Thank you both for your advice, it is really useful. With regards the land, its flatish with no dips for standing water. It looks to me that the topography of the land means that everything from the neighbouring land falls in my direction,  there's a ditch adjacent which always has running water and for most of the year is fast flowing. My take on it is that the land is fairly saturated, the adjacent ditch can only take water away and a given speed so there's hydraulic pressure from the ditch preventing water from passing through the land and into the ditch to drain away. It it's a bit tricky to tell as the area it pretty overgrown almost as soon as it is cleared. I've driven a tractor in there to top it and it definitely has areas that are wetter than others. Due to the weather I haven't been able to get in there to cut it back. I will take the brush cutter in with a mulching blade and clear the ditch area so I can check that there isn't anything fundamentally wrong there but I cleared it the first year we moved in and I seem to remember it being the same kind of issue. I like the idea of planting it as firstly it will look more appealing than scrub,lsecondly remove an area that needs continually clearing and finally if it can provide a useful byproduct then that is a bonus.

The idea of building is great but my local planning authority are a nightmare and I don't have enough brown envelopes to get anything through. In terms of a garden it's too far away from the house to be a practical option and I have spent a few years cultivating an area closer to the house.

In my ideal world I would have planted Ash for firewood as that can drink shed loads. Sadly that isn't an option I thought I'd go for something that both looks nice and provide s a benefit to the land. If I get a useful product from the end then that's a bonus.

doganjo

  • Joined Aug 2012
  • Clackmannanshire
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Re: Willow trees
« Reply #4 on: January 11, 2023, 03:24:47 pm »
A wildlife pond?  It would act as a sink for excess water and might help drain the rest of the area, plus it would help bio diversity - encourage wildlife and establish its own eco system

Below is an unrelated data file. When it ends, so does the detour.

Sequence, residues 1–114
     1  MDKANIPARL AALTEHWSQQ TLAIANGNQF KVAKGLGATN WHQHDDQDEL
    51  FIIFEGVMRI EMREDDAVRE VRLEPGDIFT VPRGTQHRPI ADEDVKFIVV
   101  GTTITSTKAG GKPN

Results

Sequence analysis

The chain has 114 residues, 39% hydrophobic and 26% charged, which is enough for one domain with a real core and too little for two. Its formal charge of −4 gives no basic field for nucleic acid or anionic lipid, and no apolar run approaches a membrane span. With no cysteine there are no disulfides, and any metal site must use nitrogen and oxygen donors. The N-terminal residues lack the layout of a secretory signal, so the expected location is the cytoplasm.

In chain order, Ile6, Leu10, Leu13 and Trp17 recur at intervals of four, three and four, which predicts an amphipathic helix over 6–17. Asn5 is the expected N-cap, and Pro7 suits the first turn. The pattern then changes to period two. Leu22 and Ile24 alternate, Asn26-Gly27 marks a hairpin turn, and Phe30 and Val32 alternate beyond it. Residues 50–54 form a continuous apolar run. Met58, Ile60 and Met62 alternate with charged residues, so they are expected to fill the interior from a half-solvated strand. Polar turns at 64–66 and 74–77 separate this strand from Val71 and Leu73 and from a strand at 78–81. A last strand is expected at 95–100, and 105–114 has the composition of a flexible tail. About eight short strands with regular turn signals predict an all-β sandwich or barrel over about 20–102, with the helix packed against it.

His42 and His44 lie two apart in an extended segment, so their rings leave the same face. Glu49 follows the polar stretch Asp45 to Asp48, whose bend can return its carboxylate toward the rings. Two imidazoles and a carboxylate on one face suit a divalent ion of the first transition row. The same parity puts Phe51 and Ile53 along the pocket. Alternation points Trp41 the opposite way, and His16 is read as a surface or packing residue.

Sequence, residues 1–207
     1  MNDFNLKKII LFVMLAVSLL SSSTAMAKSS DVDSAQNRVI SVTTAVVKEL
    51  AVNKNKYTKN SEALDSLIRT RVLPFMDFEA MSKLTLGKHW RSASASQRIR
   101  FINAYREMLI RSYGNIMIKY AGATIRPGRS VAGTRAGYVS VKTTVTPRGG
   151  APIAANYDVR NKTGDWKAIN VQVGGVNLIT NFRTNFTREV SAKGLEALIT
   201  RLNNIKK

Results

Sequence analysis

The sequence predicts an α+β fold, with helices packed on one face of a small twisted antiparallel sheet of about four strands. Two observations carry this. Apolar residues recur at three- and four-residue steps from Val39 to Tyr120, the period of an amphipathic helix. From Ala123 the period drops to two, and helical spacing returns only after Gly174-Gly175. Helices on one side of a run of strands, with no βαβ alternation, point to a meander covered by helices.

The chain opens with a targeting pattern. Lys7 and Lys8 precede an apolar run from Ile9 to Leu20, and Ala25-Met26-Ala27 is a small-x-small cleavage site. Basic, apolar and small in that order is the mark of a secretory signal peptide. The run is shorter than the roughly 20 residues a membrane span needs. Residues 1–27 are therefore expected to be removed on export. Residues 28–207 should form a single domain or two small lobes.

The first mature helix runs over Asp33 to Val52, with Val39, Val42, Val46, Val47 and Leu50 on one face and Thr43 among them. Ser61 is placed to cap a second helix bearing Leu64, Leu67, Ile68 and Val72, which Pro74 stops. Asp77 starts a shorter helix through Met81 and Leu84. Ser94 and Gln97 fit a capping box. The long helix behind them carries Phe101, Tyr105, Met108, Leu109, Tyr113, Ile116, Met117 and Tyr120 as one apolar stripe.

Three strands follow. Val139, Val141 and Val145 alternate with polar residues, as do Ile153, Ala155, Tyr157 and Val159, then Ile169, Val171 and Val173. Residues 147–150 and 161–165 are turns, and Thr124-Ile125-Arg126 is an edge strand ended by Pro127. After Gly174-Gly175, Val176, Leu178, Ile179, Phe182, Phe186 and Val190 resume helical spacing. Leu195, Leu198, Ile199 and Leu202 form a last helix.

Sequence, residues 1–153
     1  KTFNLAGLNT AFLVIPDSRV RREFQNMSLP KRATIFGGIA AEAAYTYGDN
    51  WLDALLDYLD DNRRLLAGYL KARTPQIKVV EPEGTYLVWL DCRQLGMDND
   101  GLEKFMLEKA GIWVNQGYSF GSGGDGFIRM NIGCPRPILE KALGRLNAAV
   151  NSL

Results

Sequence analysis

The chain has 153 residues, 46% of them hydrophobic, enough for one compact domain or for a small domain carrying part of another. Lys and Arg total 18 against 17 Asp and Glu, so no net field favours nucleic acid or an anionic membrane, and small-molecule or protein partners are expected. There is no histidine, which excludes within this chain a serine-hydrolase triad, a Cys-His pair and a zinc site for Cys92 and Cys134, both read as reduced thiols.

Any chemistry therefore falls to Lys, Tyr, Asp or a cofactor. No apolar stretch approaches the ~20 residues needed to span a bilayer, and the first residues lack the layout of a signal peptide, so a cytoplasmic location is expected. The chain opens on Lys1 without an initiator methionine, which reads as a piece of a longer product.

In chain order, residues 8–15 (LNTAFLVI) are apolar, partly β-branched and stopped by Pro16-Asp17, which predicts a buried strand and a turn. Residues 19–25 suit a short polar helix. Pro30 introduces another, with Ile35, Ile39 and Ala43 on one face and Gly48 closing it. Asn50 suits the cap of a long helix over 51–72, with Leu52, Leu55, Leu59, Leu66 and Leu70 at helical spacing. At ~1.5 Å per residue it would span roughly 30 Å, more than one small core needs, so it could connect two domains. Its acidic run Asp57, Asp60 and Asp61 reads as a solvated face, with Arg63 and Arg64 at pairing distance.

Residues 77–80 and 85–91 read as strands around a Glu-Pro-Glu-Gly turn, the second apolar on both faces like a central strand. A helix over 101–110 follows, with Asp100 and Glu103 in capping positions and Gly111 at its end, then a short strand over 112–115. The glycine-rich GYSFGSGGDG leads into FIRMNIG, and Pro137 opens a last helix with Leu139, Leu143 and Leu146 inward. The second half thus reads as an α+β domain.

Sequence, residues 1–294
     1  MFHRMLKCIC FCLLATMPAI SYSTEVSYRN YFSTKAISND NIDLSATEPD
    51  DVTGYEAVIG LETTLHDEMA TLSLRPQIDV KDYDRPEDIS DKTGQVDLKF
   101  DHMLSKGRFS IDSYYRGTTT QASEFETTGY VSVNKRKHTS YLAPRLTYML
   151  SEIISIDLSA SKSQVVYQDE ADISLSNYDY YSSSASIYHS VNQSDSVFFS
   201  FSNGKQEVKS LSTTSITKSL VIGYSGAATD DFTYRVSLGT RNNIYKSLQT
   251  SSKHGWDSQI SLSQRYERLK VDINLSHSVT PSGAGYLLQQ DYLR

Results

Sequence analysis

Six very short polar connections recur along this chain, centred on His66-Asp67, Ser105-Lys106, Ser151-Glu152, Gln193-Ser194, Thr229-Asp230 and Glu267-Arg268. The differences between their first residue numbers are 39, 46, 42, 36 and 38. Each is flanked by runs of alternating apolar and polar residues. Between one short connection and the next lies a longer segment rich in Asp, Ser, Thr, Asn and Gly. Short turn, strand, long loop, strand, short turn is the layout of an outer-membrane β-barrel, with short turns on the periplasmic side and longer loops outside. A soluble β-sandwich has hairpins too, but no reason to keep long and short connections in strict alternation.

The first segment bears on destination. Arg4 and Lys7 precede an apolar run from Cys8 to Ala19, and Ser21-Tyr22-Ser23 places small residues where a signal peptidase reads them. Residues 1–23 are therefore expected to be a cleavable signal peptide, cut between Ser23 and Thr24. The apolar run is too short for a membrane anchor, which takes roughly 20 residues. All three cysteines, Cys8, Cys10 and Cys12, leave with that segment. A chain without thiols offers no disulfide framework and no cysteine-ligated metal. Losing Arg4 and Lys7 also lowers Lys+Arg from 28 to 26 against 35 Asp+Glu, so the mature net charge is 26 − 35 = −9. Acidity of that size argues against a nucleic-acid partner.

Always have been, always will be, a WYSIWYG - black is black, white is white - no grey in my life! But I'm mellowing in my old age

Kiran

  • Joined Apr 2019
Re: Willow trees
« Reply #5 on: January 11, 2023, 04:52:24 pm »
This was a possibility, I had thought about doing this and installing a spillway pipe. I have a similar arrangement on the ponds for the ducks. The main reason that put me off was the expense as it will be to have a machine operator dig and move the spoil etc. The willow was a cheap option that potentially had the chance of a small side income but I do like the pond idea

doganjo

  • Joined Aug 2012
  • Clackmannanshire
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Re: Willow trees
« Reply #6 on: January 12, 2023, 05:06:52 pm »
The spoil could be used to create a banked inlet stream from the worst affected areas
Could you hire a mini digger and do it yourself to reduce costs?  Shouldn't need a liner.  Mine didn't but it was only about 20 feet across.  Worked great to stop the garden flooding and the ducks loved it. I did have to put barley straw in occasionally to limit the pond weed. but it made great mulch
« Last Edit: January 12, 2023, 05:10:12 pm by doganjo »
Always have been, always will be, a WYSIWYG - black is black, white is white - no grey in my life! But I'm mellowing in my old age

Anke

  • Joined Dec 2009
  • St Boswells, Scottish Borders
Re: Willow trees
« Reply #7 on: January 13, 2023, 08:13:44 am »
We are currently burning well-seasoned birch in our wood burner and it works very well. As far as I know birch can also take quite a bit of wet land, so that may also be an option.

Kiran

  • Joined Apr 2019
Re: Willow trees
« Reply #8 on: January 13, 2023, 07:13:02 pm »
Birch isn't a bad shout. I've been burning storm damaged silver birch and it gives good bang for its buck. I wasn't sure what the growth rate of up front investment will be but will do some investigation.

Thanks